Re: [apps-discuss] i18n intro, Sunday 14:00-16:00

Joe Hildebrand <joe.hildebrand@webex.com> Thu, 21 July 2011 16:29 UTC

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Date: Thu, 21 Jul 2011 10:28:59 -0600
From: Joe Hildebrand <joe.hildebrand@webex.com>
To: "Martin J. =?ISO-8859-1?B?RPxyc3Q=?=" <duerst@it.aoyama.ac.jp>, Peter Saint-Andre <stpeter@stpeter.im>
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Subject: Re: [apps-discuss] i18n intro, Sunday 14:00-16:00
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On 7/21/11 1:03 AM, "Martin J. Dürst" <duerst@it.aoyama.ac.jp> wrote:

> Slide 123: Good to see that. By the way, I seem to remember both John 
and me
> begging you for an explanation of why Jabber wants to use NFD a 
few months
> ago, and I'm not sure I have seen an answer. Now might be a 
good time (if you
> already sent one, a pointer would be appreciated).


Let me try.  First some assumptions:
- Stringprep is currently one of the performance hotspots of some XMPP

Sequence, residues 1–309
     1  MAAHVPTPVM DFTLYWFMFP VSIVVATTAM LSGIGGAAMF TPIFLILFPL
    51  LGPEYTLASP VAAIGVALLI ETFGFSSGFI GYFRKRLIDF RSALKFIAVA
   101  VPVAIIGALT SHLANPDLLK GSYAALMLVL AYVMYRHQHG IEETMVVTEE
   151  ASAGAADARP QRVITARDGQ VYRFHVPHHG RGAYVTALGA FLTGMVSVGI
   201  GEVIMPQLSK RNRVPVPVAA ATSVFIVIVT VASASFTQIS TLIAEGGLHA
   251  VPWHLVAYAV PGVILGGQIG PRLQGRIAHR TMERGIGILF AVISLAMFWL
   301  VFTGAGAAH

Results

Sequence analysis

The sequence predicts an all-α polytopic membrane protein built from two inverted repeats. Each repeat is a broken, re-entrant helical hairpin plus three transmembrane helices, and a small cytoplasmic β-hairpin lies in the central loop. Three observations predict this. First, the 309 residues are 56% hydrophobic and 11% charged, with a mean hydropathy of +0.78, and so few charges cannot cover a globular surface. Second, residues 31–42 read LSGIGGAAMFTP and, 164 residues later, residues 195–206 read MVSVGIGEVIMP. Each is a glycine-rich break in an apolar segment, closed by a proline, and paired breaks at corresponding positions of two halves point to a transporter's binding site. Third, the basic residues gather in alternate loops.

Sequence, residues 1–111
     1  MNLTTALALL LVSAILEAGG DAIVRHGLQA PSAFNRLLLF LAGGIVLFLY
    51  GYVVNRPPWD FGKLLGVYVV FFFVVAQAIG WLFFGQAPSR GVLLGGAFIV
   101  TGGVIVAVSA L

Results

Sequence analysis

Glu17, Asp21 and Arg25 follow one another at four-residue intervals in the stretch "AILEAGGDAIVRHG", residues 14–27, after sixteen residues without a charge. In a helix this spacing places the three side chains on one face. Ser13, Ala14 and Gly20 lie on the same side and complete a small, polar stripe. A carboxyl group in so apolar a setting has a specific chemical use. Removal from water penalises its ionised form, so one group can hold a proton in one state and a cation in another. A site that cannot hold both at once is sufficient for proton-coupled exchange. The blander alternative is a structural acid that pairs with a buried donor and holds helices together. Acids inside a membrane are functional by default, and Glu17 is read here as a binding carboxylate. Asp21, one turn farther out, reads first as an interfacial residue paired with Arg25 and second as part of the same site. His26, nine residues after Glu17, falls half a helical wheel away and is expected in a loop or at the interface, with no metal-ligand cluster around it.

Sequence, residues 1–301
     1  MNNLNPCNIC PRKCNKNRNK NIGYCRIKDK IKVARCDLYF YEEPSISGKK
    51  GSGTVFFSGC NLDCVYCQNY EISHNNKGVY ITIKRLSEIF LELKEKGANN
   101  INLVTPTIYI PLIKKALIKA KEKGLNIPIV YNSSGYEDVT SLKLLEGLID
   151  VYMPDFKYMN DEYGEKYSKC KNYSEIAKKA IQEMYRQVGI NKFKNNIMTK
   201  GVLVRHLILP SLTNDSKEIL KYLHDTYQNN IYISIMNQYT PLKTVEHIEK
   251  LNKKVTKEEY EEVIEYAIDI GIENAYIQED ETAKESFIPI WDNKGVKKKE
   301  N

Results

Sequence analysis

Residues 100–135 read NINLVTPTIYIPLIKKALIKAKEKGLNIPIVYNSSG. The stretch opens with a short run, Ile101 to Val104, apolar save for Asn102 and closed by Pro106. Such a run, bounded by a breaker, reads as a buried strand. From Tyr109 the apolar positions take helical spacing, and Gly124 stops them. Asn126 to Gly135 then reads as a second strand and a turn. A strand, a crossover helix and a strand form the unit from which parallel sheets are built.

servers.
- XMPP does not guarantee that the original form of the address that is
entered by the user or sent on the first hop is transmitted without
modification to other hops in the system.
- As such, many XMPP servers optimize by performing canonicalization at the
edges of their system and even store the canonical version for future
comparison.
- If the spec is written that clients SHOULD perform canonicalization, many
in our community will, particularly if they know that they will get better
performance from the server.

The property of NFK?D that we like is that if you have a string of
codepoints that is already in NFK?D, you can check that the string is in the
correct normalization form without having to allocate memory.  With NFK?C,
you'll have to decompose (allocating memory), recompose (at some finite CPU
cost), then recompose (possibly allocating *again*) just to check if you
have already done the normalization.

For the K portion, I have found John's argument compelling that codepoints
with compatibility decompositions should just be prohibited in our
localparts.  In our resourceparts, I'm of the opinion that we don't need to
compatibility map -- it's fine for all of those codepoints to stay distinct.

The idea is that clients SHOULD normalize, servers double-check inputs from
non-trusted sources (like clients and other servers), then always store and
forward the normalized version.

-- 
Joe Hildebrand